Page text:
The ES Law requires certain entities incorporated or registered in the Cayman Islands and carrying on specified activities to have ‘adequate substance’ in the Cayman Islands.


The Cayman Islands is an early adopter of the Common Reporting Standard, is compliant with FATCA, and is recognised as a jurisdiction committed to tax transparency. Our anti-money laundering and anti-terrorist financing legislative regime meets and in some cases exceeds international standards and our commitment to compliance is unwavering. The Cayman Islands government and financial services industry together have a long history of working closely and cooperatively with key intergovernmental organisations to ensure that our regulatory framework remains sound.

One of these intergovernmental groups, the EU Code of Conduct Group (the Code Group), assessed the tax policies of a range of countries, including the Cayman Islands, in 2017. Following assessment by the Code Group, Cayman was included in a list of jurisdictions which are required to address the Code Group’s concerns about ‘economic substance’. Like its counterparts in BVI, Bermuda, Guernsey, Jersey and Isle of Man, the government of the Cayman Islands has been working closely with the Code Group to ensure that those concerns are adequately addressed. As a result of this engagement, the ES Law was enacted.


The ES Law applies only to “relevant entities.” A relevant entity is any of the following (except for investment funds and entities that are tax resident outside of the Cayman Islands, which are specifically carved out):

(a) a company, other than a domestic company, that is: (i) incorporated under the Companies Law; or (ii) a limited liability company registered under the Limited Liability Companies Law;

(b) a limited liability partnership that is registered under the Limited Liability Partnership Law;

(c) a company that is incorporated outside of the Cayman Islands and registered under the Companies Law.

A relevant entity is only in scope of the economic substance requirements if it conducts any “relevant activity”. Relevant activities are:

Banking business

Distribution and service centre business

Financing and leasing business

Fund management business

Headquarters business

Holding company business

Insurance business

Intellectual property business

Shipping business.

Each of the above relevant activities is defined in the ES Law.

The Economic Substance Test

A relevant entity conducting any relevant activity is required to satisfy a 3-branch economic substance test in relation to that relevant activity. It must:

1. conduct Cayman Islands core income generating activity in relation to that relevant activity (a core income generating activity is any activity that is of central importance to a relevant entity in terms of generating income and that is being carried out in or from within the Cayman Islands);

2. be directed and managed in an appropriate manner in the Cayman Islands in relation to that activity;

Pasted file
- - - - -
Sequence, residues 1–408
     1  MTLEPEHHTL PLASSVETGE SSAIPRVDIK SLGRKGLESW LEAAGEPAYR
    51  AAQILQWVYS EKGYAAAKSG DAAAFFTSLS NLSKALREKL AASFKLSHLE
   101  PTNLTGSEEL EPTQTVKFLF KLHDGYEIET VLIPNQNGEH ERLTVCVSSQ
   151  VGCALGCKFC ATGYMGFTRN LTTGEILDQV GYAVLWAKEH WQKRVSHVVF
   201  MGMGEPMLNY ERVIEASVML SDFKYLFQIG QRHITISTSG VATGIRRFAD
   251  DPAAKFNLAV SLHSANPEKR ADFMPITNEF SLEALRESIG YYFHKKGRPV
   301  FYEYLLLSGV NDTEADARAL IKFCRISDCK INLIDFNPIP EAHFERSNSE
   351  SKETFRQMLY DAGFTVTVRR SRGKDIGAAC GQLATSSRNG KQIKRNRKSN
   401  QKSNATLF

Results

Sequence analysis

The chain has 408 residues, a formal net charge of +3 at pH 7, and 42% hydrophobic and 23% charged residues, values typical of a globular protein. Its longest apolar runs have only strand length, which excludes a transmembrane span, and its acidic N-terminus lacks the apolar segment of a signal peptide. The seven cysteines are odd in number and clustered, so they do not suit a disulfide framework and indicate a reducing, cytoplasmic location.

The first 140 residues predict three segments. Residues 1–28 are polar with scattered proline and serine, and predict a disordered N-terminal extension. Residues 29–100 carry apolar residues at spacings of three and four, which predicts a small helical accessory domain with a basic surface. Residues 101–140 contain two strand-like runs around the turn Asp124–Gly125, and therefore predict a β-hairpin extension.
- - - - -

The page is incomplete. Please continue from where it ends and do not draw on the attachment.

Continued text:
3. having regard to the level of relevant income derived from the relevant activity carried out in the Cayman Islands –

(i) have adequate operating expenditure incurred in the Cayman Islands;

(ii) have adequate physical presence (including maintaining a place of business or plant, property and equipment) in the Cayman Islands; and

(iii) have an adequate number of full-time employees or other personnel with appropriate qualifications in the Cayman Islands.

Whether or not a relevant entity meets the applicable economic substance requirements will be a question of fact. There will not be a one-size-fits-all approach and much will depend on the size and scope of the business (both in the Cayman Islands and in other locations) and its expected gross income in the Cayman Islands.


A relevant entity is required to satisfy the economic substance requirements:

by 1 July 2019, if it was in existence before 1 January 2019; or

on the date on which it commences the relevant activity, if it was not in existence prior to 1 January 2019.


Starting in 2020 (exact date to be announced), relevant entities will be required to file a notice with the Cayman Islands Tax Information Authority (TIA) stating whether or not they are carrying out relevant activities. Twelve months after the last day of the end of each financial year commencing on or after 1 January 2019, a relevant entity carrying out any relevant activity will be required to file a basic return setting out particulars as to income, expenses, assets, management, employees, physical presence and other matters. These filings will be examined by the TIA to ensure that the relevant entity has adequate economic substance in the Cayman Islands. If it lacks adequate substance, the TIA will give the entity direction on how to meet the test and may impose a fine of up to USD 10,000. Continued failure to meet the test in the following year may result in a higher fine of USD 100,000 and could lead to the entity being struck off the applicable register.

Next Steps

All relevant entities will need to undertake an internal review to determine what measures, if any, they might need to take in order to achieve compliance. In most cases, we believe that compliance will be a straightforward matter. If you would like further guidance on how these requirements will impact your business, please reach out to your usual Appleby contact.

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